In a particular aspect of the invention, the electric motor is connected to the pusher via an irreversible drive system.
Advantageously, the actuator is associated with means for measuring an electric voltage across the terminals of the piezoelectric assembly.
The invention also provides a brake including at least one such actuator, and a vehicle including at least one such brake.
The invention also provides a method of implementing an electromechanical actuator of the invention in which the voltage across the terminals of the piezoelectric assembly is sensed, at least while the actuator is not active.
BRIEF DESCRIPTION OF THE DRAWINGS
The invention will be better understood in the light of the following description given with reference to the figures of the accompanying drawings, in which:
FIG. 1 is a section view of an aircraft electromechanical brake of the invention;
FIG. 2 is a section view of an electromechanical actuator fitted to the brake shown in FIG. 1;
FIG. 3 is a torque/speed diagram showing how the electric motor of the actuator shown in FIG. 2 is selected; and
FIG. 4 is a block diagram of a circuit for controlling the FIG. 2 actuator.
DETAILED DESCRIPTION OF THE INVENTION
With reference to FIG. 1, an airplane wheel 1 is mounted to rotate on an axle 2 via bearings 3 about an axis of rotation X. The wheel 1 is fitted with a brake comprising a stack of disks having a central axis coinciding with the axis X and made up of rotor disks 4 which are constrained to rotate with the wheel 1 by peripheral splines 5, and stator disks 6 which are disposed in alternation with the rotor disks 4 and which are constrained in rotation with a torsion tube 7 via inner splines 8. The torsion tube 7 is itself connected to a ring 9 by screws 10. The ring 9 is prevented from turning relative to the axle 2 by stop means (not shown herein), so that the stator disks 6 do not rotate.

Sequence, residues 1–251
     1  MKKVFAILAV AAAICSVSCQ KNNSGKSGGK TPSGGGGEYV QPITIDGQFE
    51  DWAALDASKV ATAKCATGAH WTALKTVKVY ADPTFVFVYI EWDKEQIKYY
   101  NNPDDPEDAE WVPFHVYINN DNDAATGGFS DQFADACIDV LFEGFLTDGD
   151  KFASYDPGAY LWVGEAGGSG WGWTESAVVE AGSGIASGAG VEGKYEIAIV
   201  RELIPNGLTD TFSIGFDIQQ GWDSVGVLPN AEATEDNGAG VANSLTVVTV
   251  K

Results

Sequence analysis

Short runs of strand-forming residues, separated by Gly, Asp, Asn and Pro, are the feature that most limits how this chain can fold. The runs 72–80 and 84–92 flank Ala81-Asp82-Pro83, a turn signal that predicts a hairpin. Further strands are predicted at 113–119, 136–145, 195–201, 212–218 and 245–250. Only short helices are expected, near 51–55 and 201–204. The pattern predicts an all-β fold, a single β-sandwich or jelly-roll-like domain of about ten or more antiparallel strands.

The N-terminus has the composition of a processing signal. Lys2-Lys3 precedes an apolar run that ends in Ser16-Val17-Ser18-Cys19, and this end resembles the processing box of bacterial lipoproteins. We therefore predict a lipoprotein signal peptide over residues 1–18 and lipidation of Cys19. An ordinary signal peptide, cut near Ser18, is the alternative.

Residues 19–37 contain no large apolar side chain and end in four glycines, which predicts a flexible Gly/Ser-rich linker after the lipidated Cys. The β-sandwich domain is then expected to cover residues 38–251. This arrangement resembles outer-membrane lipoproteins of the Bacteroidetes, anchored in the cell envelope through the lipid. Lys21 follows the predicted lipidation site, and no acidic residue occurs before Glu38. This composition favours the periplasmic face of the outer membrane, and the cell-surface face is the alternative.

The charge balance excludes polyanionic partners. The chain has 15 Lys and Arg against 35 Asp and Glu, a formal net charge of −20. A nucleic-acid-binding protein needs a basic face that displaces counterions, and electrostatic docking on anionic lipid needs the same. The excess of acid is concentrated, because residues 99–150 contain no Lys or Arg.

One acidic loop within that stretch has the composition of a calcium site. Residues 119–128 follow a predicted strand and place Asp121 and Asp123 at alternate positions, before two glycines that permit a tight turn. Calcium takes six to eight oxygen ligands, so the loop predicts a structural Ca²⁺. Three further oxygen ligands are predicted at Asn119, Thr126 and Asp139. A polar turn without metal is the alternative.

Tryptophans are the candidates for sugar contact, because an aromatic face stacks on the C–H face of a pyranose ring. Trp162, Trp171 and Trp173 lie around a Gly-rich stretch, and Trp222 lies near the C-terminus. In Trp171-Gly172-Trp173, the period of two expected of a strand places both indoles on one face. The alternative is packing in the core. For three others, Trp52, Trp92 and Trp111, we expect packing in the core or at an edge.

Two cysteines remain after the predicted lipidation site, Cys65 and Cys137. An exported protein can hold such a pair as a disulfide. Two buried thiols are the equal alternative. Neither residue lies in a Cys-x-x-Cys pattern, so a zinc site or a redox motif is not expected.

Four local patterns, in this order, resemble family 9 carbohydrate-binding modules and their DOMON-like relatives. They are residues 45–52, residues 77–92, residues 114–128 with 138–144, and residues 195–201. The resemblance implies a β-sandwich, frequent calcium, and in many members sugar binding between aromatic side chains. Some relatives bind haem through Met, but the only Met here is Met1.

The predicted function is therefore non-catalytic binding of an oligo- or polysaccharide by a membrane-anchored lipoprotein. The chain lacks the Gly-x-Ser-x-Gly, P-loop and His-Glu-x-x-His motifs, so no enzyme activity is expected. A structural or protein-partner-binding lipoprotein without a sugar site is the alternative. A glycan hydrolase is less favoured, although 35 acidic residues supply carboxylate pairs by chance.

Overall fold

The ring 9 carries electromechanical actuators 11, only one of which is shown in FIG. 1. Each actuator 11 has a pusher 12 that is movable in translation, and that is actuated by a drive member (not shown herein) to compress the stack of disks via a presser plate 13.
The electromechanical actuators 11 are arranged to circumferentially around the ring 9, being distributed around the central axis X.
With reference to FIG. 2, each actuator 11 comprises a housing, which in this case comprises a cylindrical body 14, an end wall 15 which forms a plate for fastening to the ring 9, and a cap 16.
The pusher 12 is mounted to slide in the housing along a sliding axis Y which is essentially parallel to the axis X when the actuator 11 is mounted on the ring 9. A rod 17 secured to the end wall 15 and of profile that is non-circular (e.g. hexagonal) is engaged in a cavity of complementary shape in the pusher 12 to prevent the pusher 12 from turning relative to the housing of the actuator.